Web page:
Cast & Crew
On a South Sea island, Ilanu, a half-caste, does not want to marry Kahea, a man of her tribe, but instead desires American Jimmy Bradford, who has been on the island for nearly a year overseeing his father's copra interests. After rebuking Kahea, Ilanu finds Jimmy sulking because he hungers for the life he has left. When she finds he exhibits no interest in her, she leaves him in tears. Old Ben, who brags he once earned three degrees at Harvard, warns Jimmy not to get involved with a native girl by pointing to his six half-caste children and quoting Kipling. Jimmy writes to his sweetheart Elaine Marvin back in America. That night, Ilanu tearfully begins the Dance of Love, a ceremony her grandfather, the chief, has ordered her to dance. She soon stops, however, tears her lei off and refuses to continue, despite her grandfather's reminder that her mother found only trouble marrying a white man and finally was driven to the arms of the volcanic Fire Goddess. Ilanu is then told to go and never return to her people. Just then a boat comes, but Jimmy is disappointed to find that his father still has not sent for him. When Ilanu comes into the bar and a sailor grabs her, Jimmy slugs him and tells Ilanu to go home. She follows him to his room and tells him she now has no home. He almost kisses her, but when a lustful onlooker chides them, Jimmy kicks Ilanu out. Feeling remorseful, Jimmy follows Ilanu to the beach, and they declare their love for each other. They marry and Jimmy brings Ilanu back to San Francisco. During a party in Jimmy's honor, Jimmy's sister Winnie gets Ilanu to do an island dance, which the Parkers, possible investors in Bradford's company, find vulgar. Bradford, greatly upset, orders Jimmy to send Ilanu back and says he will get the marriage annulled, but Jimmy stands firm and leaves with Ilanu for the islands. Jimmy works in a stock room, and he and Ilanu live in poverty. When Kahea visits to tell Ilanu that her grandfather forgave her as he died and bequeathed her some pearls, Jimmy sees them together and mistakenly thinks they are lovers. After Ilanu calms Jimmy with the truth, Elaine visits and tells him that his father is gravely ill. Jimmy returns home and lets his dying father think he has left Ilanu. Jimmy takes over the family business, but after three years, Ilanu and Winnie, who lives with them, battle after Winnie fires the governess whom Ilanu had hired to care for her and Jimmy's child Junior and hires her own. To calm things, Jimmy takes them all back to the islands on a vacation cruise. Winnie gets Ilanu drunk, and Junior, trying to wake his mother, falls into the ocean and is rescued by Elaine. Upset by the incident, Jimmy orders Ilanu to keep away from Junior. Ilanu then overhears guests say she will ruin Junior's life, and as the yacht nears the island, she sees the bubbling volcano and cries. She kisses Junior through the glass that separates them, then rows to the volcano. Jimmy, who has been persuaded by Elaine to apologize to Ilanu, sees her in the boat and hears Kahea sing "Aloha Oe." Kahea says the song means farewell and tells Jimmy that Ilanu is going to join her mother. Jimmy chases Ilanu in a motorboat, but she jumps into the volcano before he can reach her. Junior asks for his mother, then asks Elaine to play. Elaine holds him and cries, while Jimmy stands on the beach in distress.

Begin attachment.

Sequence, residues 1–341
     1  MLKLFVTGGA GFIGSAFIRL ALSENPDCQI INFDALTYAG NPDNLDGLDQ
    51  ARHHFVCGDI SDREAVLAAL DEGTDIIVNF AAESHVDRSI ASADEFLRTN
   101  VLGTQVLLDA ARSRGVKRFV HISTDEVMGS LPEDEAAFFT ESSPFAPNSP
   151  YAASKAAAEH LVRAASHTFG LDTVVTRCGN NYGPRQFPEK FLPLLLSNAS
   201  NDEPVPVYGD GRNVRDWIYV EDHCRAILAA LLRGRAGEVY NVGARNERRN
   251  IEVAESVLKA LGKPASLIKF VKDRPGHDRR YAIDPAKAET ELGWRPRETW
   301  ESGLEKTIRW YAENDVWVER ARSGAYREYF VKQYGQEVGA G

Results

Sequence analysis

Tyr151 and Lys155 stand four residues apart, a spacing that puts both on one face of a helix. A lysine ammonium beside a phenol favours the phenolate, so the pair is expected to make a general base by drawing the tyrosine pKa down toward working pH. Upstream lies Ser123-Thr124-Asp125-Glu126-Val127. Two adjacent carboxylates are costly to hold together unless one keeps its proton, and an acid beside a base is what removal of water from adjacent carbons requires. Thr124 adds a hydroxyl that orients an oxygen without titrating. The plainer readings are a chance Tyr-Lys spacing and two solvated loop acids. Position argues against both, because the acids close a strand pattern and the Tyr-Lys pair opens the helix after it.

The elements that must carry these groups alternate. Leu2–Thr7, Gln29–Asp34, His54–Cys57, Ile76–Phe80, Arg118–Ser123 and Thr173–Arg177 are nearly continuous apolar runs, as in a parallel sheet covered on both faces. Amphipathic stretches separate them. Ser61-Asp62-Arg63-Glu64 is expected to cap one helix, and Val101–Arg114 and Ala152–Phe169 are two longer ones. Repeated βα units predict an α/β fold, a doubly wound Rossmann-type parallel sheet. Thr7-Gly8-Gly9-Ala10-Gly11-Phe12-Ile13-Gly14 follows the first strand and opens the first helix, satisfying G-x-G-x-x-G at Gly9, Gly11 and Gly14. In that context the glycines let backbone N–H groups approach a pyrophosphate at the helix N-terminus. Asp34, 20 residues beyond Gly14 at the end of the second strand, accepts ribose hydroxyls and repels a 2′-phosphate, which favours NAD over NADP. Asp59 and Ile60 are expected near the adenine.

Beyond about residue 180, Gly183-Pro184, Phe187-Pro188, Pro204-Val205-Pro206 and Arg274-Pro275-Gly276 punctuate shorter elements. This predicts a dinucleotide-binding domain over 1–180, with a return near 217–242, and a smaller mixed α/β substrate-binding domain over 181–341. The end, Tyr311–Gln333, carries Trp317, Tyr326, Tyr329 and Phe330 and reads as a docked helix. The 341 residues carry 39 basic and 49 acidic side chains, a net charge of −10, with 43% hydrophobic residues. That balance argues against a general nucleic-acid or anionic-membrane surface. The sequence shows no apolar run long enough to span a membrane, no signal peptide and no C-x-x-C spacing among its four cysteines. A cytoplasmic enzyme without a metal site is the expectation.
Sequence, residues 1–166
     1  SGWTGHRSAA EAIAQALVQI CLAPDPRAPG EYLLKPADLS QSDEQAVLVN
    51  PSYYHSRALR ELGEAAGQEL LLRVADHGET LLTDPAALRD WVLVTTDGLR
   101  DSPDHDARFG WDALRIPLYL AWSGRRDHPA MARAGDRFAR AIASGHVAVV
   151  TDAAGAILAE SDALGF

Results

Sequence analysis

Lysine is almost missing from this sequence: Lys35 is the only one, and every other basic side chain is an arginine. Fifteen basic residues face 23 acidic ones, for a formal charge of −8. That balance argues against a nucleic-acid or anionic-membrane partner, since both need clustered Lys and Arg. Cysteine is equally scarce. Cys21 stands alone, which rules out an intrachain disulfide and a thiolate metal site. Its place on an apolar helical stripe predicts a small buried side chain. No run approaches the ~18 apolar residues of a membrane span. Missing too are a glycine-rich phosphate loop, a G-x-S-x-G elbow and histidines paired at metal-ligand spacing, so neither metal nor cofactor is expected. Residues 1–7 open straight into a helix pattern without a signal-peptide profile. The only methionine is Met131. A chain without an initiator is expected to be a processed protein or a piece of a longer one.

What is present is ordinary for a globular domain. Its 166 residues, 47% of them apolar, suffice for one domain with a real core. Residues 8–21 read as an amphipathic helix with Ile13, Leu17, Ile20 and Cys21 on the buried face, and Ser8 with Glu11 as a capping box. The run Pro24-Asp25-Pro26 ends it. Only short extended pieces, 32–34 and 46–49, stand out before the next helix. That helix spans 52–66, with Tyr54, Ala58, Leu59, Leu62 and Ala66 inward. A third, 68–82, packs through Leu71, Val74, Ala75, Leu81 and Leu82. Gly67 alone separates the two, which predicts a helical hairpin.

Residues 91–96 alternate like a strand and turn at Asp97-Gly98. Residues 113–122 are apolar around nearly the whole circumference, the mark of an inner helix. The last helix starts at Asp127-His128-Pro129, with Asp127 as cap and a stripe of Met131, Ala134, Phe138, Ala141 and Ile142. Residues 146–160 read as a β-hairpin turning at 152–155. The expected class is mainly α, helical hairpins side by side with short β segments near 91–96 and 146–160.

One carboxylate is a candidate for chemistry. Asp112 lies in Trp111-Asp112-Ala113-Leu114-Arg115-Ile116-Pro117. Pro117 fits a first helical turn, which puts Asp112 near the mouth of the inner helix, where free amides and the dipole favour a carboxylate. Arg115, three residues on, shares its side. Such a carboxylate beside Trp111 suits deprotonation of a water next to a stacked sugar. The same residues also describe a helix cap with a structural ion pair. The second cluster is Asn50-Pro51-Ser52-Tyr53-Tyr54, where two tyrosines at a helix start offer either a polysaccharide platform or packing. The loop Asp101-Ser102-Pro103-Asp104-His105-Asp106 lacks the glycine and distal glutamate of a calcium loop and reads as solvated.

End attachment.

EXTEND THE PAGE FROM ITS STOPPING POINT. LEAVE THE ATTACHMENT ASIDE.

T. Roy Barnes
Al St. John
According to Film Daily, the Sultana, one of the most famous yachts of the time, was used in some of the scenes. At the time of filming, the yacht belonged to John P. Mills, noted capitalist and turfman. Previously it belonged to E. H. Harriman. This film was based on the 1915 film Aloha Oe, produced by Thomas Ince, directed by Richard Stanton and Charles Swickard and starring Willard Mack and Enid Markey (see AFI Catalog of Feature Films, 1911-20; F1.0073).